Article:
USDA reported corn export shipments pace for the week ending Jan. 3 at 19.3 million bushels. This brings the year-to-date export shipments pace for corn to 472 million bushels, compared with 263.1 million the previous marketing year. Corn export sales pace for the week ending Jan. 3 was estimated at 6.1 million bushels. This brings corn’s export sales pace for the year to 1.13 billion bushels, compared with 502.7 million the previous marketing year. With 34 weeks left in the export marketing year, shipments need to average 28.8 million bushels and sales need to average 9.4 million to make USDA’s export projection of 1.45 billion bushels.

Soybeans: new crop weaker ahead of report

Soybeans closed the week mixed with the front month’s higher as a result of continued strong demand from China. The new contracts struggled from thoughts of increasing world supplies of soybeans. For the week ending Jan. 9, March was 2.5 cents higher, while November fell 28.75 cents.

Soybeans moved higher in quiet trade to open the week. Strong export inspections and solid buying volume led the market higher. South America’s growing conditions remained favorable following rains over the weekend. Traders continue to watch out for potential Chinese cancellations. Jan. 6 export inspections were bullish, coming in well above the amount needed to keep pace with USDA’s projection.

Pressure returned to the soybeans midweek as both Jan. 7 and 8 closed with losses and with the new-crop November contract making its lowest close in three years Jan. 8. Favorable growing conditions and beneficial rainfall in South America weighed on new-crop contracts. Early harvest reports in South America were coming in better than expected, as well. USDA announced a sale of 350,000 metric tons of soybeans to China Jan. 7. This was followed by a sale of 115,600 metric tons to China announced on Jan. 8.

March soybeans traded higher Jan. 9 ahead of the production reports. Traders expect 2013 production to increase to 3.279 billion bushels with carryover at 153 million bushels, down from 155 million in December. Dec. 1 quarterly stocks are expected to be 2.153 billion bushels, versus 1.966 billion last year. World stocks are also expected to increase slightly from the current estimate of 70.6 million metric tons. Strong export demand continues to provide support. USDA announced another new crop sale to China, this time for 110,000 metric tons.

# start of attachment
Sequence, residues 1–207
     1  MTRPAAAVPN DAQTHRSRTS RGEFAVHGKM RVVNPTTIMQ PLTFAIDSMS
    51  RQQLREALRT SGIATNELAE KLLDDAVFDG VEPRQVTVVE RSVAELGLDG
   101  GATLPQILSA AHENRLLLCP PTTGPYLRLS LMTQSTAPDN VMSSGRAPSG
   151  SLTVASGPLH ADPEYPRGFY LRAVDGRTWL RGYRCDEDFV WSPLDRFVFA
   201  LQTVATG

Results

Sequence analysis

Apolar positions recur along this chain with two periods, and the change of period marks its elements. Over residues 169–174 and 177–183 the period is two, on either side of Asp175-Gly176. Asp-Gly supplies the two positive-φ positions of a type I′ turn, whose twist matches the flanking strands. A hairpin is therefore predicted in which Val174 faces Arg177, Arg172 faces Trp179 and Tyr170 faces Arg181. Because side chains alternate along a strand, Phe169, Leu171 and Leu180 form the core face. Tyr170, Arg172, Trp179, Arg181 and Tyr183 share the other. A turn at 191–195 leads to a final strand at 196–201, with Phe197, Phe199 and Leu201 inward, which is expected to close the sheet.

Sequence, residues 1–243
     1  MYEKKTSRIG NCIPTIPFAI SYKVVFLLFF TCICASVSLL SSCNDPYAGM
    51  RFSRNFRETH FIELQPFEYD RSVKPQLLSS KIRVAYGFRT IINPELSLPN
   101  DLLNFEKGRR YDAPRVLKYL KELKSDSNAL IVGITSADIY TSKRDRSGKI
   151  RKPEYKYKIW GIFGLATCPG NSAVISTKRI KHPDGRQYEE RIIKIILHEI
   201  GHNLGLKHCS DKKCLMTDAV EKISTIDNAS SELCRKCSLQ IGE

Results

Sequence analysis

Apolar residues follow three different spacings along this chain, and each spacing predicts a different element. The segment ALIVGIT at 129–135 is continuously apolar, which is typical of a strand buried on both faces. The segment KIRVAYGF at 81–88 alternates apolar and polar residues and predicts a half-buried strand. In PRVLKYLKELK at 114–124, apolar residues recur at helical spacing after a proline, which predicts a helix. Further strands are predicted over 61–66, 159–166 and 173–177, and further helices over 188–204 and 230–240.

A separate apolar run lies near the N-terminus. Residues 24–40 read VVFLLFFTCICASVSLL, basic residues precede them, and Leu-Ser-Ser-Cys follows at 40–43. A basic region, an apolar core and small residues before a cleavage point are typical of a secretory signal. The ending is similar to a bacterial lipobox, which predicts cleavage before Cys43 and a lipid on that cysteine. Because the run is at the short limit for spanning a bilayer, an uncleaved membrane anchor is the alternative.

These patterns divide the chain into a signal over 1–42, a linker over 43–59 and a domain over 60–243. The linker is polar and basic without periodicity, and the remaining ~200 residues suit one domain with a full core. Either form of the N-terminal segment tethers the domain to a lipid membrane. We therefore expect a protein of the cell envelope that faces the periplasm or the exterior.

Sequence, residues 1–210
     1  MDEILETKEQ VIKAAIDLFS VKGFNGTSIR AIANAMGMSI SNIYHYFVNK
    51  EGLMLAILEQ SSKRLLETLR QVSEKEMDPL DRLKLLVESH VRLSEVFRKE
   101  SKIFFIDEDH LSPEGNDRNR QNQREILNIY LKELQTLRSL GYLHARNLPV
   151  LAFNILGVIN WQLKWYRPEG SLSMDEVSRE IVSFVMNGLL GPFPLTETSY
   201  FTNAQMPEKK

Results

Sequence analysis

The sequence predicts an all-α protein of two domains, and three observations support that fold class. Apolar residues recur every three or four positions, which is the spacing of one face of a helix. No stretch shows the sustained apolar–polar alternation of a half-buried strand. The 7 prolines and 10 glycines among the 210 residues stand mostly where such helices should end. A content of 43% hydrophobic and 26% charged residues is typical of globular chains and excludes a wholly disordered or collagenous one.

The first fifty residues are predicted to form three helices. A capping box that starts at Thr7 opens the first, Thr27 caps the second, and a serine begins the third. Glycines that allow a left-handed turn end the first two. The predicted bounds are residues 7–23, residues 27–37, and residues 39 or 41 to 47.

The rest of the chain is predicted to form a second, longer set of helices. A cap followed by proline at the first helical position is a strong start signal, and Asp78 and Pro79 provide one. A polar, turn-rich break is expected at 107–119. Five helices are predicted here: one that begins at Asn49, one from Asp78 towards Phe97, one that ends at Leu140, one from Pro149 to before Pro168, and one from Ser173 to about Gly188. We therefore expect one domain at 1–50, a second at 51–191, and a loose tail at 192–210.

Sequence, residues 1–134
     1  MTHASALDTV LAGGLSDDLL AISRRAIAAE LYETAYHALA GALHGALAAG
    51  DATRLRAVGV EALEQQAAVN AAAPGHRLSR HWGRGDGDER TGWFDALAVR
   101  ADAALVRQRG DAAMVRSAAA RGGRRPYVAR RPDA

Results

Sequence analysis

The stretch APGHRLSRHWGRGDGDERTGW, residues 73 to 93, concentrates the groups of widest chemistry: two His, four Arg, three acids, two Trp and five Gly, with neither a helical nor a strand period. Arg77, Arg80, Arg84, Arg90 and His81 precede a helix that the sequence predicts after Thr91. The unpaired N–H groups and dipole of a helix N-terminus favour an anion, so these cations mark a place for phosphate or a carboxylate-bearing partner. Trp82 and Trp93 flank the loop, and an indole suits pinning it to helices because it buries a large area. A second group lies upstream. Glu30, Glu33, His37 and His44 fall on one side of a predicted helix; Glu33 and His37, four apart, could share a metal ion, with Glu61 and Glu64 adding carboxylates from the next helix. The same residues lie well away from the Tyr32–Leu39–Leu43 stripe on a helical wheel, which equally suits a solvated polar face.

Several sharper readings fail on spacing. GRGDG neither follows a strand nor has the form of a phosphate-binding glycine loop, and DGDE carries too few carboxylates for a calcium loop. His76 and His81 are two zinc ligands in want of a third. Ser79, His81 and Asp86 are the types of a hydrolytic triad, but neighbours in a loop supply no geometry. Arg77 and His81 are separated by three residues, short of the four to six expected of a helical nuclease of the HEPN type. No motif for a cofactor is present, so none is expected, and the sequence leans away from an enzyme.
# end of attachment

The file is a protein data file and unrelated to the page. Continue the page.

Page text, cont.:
USDA reported soybean export inspections pace for the week ending Jan. 3 at 56.4 million bushels. This brings the year-to-date export shipments pace for soybeans to 922.6 million bushels, compared with 820 million for the previous marketing year at this time. Soybean export sales pace was estimated at 5.7 million bushels. This brings soybean’s export sales pace for the year to 1.498 billion bushels, compared with 1.14 billion last year. With 34 weeks left in soybean’s export marketing year, shipments need to average 16.2 million bushels and sales must be above USDA’s projection of 1.475 billion.

Barley

USDA estimated barley export inspections pace for the week ending Jan. 3 at 48,000 bushels, all going to Mexico. This brings barley’s export shipments pace to 3.63 million bushels, compared with 5.58 million the previous marketing year. USDA reported no barley export sales for the week ending Jan. 3. Barley’s year-to-date export sales pace is at 5.8 million bushels, compared with 5.6 million the previous marketing year. Jan. 9 cash feed barley bids in Minneapolis were at $3.60 per bushel, while malting barley bids were at $5.80.

Durum

USDA estimated durum export inspections pace for the week ending Jan. 3 at 1.15 million bushels, all going to Italy. Durum export sales pace for the week ending Jan. 3 was estimated at 1.2 million bushels. This brings durum’s year-to-date export sales pace to 15.2 million bushels, compared with 15.6 million the previous marketing year. Jan. 9 cash bids for milling quality durum were at $7 per bushel in Berthold, N.D., while Dickinson, N.D., bids were at $6.80.

Canola

Canola futures on the Winnipeg, Manitoba, exchange closed close to $11 (Canadian) lower and at new contract lows. Selling was tied to position squaring ahead of USDA’s January crop production report. Light selling was also tied to spillover pressure from a lower U.S. soybean complex. Additional selling was tied to continued reports of adequate supplies of canola in both the U.S. and Canada. Technically, canola is oversold and in need of a correction, but as is the case in wheat, no one is willing to step in front of the train. Jan. 9 cash canola bids in Velva, N.D., were at $16.29 per hundredweight.

Sunflowers

Soybean oil export sales pace for the week ending Jan. 3 was estimated at 33.6 thousand metric tons. This brings the year-to-date export sales pace for soybean oil to 396.2 thousand metric tons, compared with 674 thousand metric tons for the previous marketing year. Jan. 9 cash sunflower bids in Fargo, N.D., were at $19.10 per hundredweight.